Finally, it is worth mentioning that the decision in Omisa triggered several critical notes, potentially in the Seychelles itself (on p. 4) and definitely in New Zealand (on p. 953 et seq.), Austria, and, with a somewhat alternative argumentation, Russia.
The Decision in Vijay Construction (Proprietary) Ltd v Eastern European Engineering Ltd
Sixteen years later, the Seychelles Court of Appeal confirmed the findings in Omisa in the Vijay decision of 25 November 2017 when it refused to recognize and enforce an ICC arbitral award made in Paris.
In that decision, the court reasoned that when the United Kingdom acceded to the New York Convention on 24 September 1975, the Seychelles had been a British colony. According to an agreement between the governments of the United Kingdom and the Seychelles, the Seychelles, on 29 June 1976 (its day of independence), had succeeded to all obligations and responsibilities arising from the New York Convention. When the Commercial Code came into force on 13 January 1977, the New York Convention was in force in the Seychelles.
The court rejected an argument that Articles 146 to 150 of the Commercial Code were passed with a view that the Seychelles would in the near future ratify the New York Convention (at para. 36). It is submitted here that this conclusion is somewhat at odds with a statement made by Professor A.G. Chloros of King’s College London, the drafter of the Commercial Code, that “[i]t is also important that Seychelles should adhere to the New York Convention at the earliest opportunity.”1)A.G. Chloros, Codification in a Mixed Jurisdiction, Amsterdam/New York/Oxford 1977, p. 162.
The court then clarified that the New York Convention stopped applying to the Seychelles based on a 1979 note to the British Government announcing that several international treaties would no longer apply.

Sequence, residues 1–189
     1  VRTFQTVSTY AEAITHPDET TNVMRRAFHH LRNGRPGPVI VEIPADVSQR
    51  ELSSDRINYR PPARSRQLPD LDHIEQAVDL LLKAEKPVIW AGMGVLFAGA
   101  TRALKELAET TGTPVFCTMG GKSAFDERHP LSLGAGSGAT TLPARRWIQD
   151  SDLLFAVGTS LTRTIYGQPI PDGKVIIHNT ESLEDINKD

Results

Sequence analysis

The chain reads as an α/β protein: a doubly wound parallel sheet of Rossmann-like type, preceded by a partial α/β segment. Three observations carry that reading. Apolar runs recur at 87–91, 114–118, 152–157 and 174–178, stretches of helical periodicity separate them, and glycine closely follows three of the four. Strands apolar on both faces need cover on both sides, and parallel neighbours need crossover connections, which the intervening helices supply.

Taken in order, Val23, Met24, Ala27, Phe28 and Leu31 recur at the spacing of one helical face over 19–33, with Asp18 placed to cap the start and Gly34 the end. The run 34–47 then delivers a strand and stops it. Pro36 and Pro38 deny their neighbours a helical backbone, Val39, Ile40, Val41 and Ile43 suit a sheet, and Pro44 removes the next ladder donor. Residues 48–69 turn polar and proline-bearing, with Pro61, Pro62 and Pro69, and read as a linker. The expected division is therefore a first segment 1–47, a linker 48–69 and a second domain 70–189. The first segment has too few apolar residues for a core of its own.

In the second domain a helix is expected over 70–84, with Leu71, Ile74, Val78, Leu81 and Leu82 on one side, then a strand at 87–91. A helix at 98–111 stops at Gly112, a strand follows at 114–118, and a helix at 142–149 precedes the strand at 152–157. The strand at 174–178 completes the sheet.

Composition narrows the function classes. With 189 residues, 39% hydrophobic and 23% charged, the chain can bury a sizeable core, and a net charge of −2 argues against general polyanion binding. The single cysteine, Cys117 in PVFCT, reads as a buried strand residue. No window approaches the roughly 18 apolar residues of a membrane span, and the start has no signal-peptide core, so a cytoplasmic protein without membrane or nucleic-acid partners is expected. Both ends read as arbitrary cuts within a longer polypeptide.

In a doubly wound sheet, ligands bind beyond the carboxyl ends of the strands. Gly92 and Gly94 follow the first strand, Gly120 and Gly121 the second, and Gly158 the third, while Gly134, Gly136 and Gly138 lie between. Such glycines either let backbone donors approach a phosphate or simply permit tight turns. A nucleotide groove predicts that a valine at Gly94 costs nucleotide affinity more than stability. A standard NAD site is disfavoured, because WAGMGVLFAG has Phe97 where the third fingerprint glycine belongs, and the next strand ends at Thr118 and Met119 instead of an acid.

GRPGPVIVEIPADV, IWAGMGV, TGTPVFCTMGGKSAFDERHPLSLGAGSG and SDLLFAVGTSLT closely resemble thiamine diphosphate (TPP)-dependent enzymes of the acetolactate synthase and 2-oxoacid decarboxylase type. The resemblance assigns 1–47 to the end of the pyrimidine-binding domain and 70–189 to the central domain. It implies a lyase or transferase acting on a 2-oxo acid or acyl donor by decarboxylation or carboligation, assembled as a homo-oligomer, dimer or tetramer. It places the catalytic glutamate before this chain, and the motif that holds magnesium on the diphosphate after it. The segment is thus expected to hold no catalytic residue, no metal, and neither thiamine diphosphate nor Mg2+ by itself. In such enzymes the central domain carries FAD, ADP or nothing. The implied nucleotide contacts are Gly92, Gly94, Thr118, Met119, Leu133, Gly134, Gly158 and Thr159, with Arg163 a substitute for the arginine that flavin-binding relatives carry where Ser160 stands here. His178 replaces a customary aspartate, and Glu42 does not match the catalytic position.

This was followed by an explanation (para. 99) that “reciprocity” in Article 146 of the Commercial Code “…can only have one meaning”, namely a reference to a reciprocity declaration made pursuant to Article I(3) of the New York Convention. On the significance of Article 146 of the Commercial Code where the New York Convention was not in force, the court held (para. 101) that “…in 1979, the NY Convention ceased to have its domestic application, though the text of the Article 146 and others remained part of our domestic law. This article needs to have life breathed in into in [sic!] order to waken it from its slumber.”
Such awakening, the court concluded, could only be achieved by the President and the National Assembly, while the court could only interpret the existing laws. The court finally recommended that “…the concerned authorities should move to ensure that necessary steps are taken to fill up the void for the benefit of the nation.” (para. 109)
The Decision in European Engineering Ltd v SJ (Seychelles) Ltd
To cut a long story short, the European Engineering decision of 29 July 2019 of the Supreme Court of Seychelles confirmed Vijay, although one may reasonably assume that Twomey CJ (para. 15) was not too pleased with that outcome:
“The Court of Appeal’s decision … is unequivocal. Much as I might have reservations regarding the views of the Court of Appeal with respect to the interpretation of sections 227 of the Seychelles Code of Civil Procedure and sections 146-150 of the Commercial Code …, this Court is nevertheless bound by the decision.”
It is subject to discussion whether, before reaching this conclusion, Twomey CJ could have relied on Article 5 of the Civil Code of Seychelles, which provides that “[j]udicial decisions shall not be absolutely binding upon a Court but shall enjoy a high persuasive authority from which a Court shall only depart for good reason.”
One may wonder whether there really is only one possible interpretation of “reciprocity” in Article 146 of the Commercial Code. Could that requirement be fulfilled whenever arbitral awards from the Seychelles may be recognized and enforced in another jurisdiction, based on any instrument or law other than the New York Convention and regardless of whether there is an obligation to do so? This may still be relevant for awards from any jurisdiction where the New York Convention is not yet in force, as the Seychelles made a reciprocity declaration pursuant to Article I(3) of the New York Convention. For the other 162 Contracting States, it is time to join the Seychelles in wishing good riddance to these discussions. The New York Convention is now in force, and Article 146 of the Commercial Code has awakened from its slumber.
|A.G. Chloros, Codification in a Mixed Jurisdiction, Amsterdam/New York/Oxford 1977, p. 162.